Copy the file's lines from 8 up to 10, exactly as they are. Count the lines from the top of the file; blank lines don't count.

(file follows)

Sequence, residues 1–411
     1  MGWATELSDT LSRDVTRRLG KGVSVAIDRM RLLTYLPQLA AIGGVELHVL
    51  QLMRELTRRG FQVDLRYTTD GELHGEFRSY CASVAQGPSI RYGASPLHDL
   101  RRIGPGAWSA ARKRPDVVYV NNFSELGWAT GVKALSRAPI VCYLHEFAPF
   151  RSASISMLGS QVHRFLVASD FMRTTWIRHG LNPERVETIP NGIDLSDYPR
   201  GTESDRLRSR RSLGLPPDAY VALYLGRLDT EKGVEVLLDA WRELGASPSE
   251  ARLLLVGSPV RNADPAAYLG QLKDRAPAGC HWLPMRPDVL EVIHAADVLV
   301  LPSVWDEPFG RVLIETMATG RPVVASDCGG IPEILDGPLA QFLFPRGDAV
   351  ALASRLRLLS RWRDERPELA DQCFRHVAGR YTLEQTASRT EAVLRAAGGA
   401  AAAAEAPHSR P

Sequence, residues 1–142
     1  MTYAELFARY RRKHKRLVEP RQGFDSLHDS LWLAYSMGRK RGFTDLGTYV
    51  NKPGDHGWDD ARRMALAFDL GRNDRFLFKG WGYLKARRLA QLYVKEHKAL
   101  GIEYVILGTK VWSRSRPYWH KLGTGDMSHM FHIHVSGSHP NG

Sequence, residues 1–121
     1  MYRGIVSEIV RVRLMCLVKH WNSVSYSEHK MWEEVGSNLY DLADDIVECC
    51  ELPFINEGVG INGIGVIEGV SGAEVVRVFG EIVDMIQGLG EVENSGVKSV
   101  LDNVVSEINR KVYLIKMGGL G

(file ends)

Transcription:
   301  LPSVWDEPFG RVLIETMATG RPVVASDCGG IPEILDGPLA QFLFPRGDAV
   351  ALASRLRLLS RWRDERPELA DQCFRHVAGR YTLEQTASRT EAVLRAAGGA
   401  AAAAEAPHSR P